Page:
Peace in the Land - The Planted Tank Forum
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post #1 of 3 (permalink) Old 07-23-2020, 02:30 AM Thread Starter
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Peace in the Land

I have a practical problem finding a good balance with a group of fish that I did not do enough homework for: Silver Tip Tetras.

I bought 4 as my first livestock for my heavily planted tank with mostly ferns, Crypts, Swords and Anubias.

I found these to be fairly aggressive to each other. Not violent but constantly sparing, chasing and posturing. Being a genius I decided that I would add 4 more to see if they would chill in a larger group. That did not happen. They chase each other and also some newly introduced Pygmy Cories. Who would bully a Pygmy Cory? You can barely see them!

Plan B. Today I seriously thought about trapping them all for relocation. I quickly realized the futility of trapping 8 wary fish in a jungle tank.

Plan C: Next I began to wonder if either another group of different tetras or perhaps several larger amiable fish might settle them down.

My goal is a peaceful but interesting tank. Not a fan of aggression or nipping.

Any sage advice other than selling the tank or getting a lobotomy?

Last edited by mourip; 07-24-2020 at 12:57 PM. Reason: wording
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post #2 of 3 (permalink) Old 07-23-2020, 10:18 AM
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I have similar experience with neon tetra, my 1st time actually keeping them personally. Mix was 2 male and 3 female in very well planted 7gal, 16x9x9 bow front. The male to male harassment was relentless, the dominant males harassment of females just barely less forward, but it was spread between 3 females. On other end the Ember tetra (6 of them, 2male, 4 female), nothing but peace and calm, even the neons got in on calm swimming/shoaling up front with them.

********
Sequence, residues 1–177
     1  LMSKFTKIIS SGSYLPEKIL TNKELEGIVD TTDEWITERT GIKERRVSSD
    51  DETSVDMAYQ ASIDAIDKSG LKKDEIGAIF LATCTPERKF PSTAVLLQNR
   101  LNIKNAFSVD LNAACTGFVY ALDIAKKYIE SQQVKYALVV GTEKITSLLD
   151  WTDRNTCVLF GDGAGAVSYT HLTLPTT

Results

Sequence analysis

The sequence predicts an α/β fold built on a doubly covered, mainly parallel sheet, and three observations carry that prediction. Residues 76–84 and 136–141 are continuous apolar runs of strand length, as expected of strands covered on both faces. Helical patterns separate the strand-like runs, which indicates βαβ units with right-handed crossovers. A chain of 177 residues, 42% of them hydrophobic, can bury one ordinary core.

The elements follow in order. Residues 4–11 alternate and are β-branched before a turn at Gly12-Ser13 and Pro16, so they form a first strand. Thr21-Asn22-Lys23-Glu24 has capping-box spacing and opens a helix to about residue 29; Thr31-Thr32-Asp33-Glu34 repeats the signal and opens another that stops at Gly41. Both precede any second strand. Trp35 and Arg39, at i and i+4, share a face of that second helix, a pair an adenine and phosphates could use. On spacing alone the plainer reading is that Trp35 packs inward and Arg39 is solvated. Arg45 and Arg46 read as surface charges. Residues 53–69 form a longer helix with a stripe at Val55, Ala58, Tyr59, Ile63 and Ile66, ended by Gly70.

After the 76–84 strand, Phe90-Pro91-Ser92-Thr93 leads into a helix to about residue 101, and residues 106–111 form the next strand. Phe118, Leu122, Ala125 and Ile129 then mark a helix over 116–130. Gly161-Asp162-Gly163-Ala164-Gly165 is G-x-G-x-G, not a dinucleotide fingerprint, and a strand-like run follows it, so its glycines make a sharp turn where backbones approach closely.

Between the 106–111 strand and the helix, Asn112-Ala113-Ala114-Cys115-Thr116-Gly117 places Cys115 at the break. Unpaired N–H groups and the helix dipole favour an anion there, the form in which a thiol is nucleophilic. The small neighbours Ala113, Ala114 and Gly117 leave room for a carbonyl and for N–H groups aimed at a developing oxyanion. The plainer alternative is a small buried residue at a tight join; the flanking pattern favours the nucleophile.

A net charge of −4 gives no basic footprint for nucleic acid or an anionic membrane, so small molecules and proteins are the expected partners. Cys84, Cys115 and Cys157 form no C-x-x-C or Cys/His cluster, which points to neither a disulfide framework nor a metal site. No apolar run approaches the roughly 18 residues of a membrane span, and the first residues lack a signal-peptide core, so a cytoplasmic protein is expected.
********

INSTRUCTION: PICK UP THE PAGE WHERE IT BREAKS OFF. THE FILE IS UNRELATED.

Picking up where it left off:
Actually it was interesting looking at habits and interactions between species, but especially watching how ea. species interacted as a whole, but within that community. Betta big enough that Rotala Rot. blocks his path to half the tank. Small fish just ducí away in between plants, betta canít follow them. Gets tired pretty quickly.

Betta quickly learns that casing fish into weeds is a waste of energy, wonít bother. At this point is where you gain upper hand. Small fish unite and form a shoal, betta learns to ignore them, he finds his extra food at feeding ring, a calm pattern settles over tank. The smaller fish circle like sharks below feeding ring, there is always extra droppings from ring as betta eats. But no food hits substrate.
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post #3 of 3 (permalink) Old 07-23-2020, 06:13 PM Thread Starter
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Quote:
Originally Posted by DaveKS View Post
I have similar experience with neon tetra, my 1st time actually keeping them personally. Mix was 2 male and 3 female in very well planted 7gal, 16x9x9 bow front. The male to male harassment was relentless, the dominant males harassment of females just barely less forward, but it was spread between 3 females. On other end the Ember tetra (6 of them, 2male, 4 female), nothing but peace and calm, even the neons got in on calm swimming/shoaling up front with them.

Actually it was interesting looking at habits and interactions between species, but especially watching how ea. species interacted as a whole, but within that community. Betta big enough that Rotala Rot. blocks his path to half the tank. Small fish just duc’ away in between plants, betta can’t follow them. Gets tired pretty quickly.

Betta quickly learns that casing fish into weeds is a waste of energy, won’t bother. At this point is where you gain upper hand. Small fish unite and form a shoal, betta learns to ignore them, he finds his extra food at feeding ring, a calm pattern settles over tank. The smaller fish circle like sharks below feeding ring, there is always extra droppings from ring as betta eats. But no food hits substrate.
Thanks! Embers have been on my short list.

At least the Silver Tips have gotten used to my Pygmy Cories now. They were spooked when the Cories did that thing where they dash to the surface briefly.

Last edited by mourip; 07-23-2020 at 07:09 PM. Reason: wording
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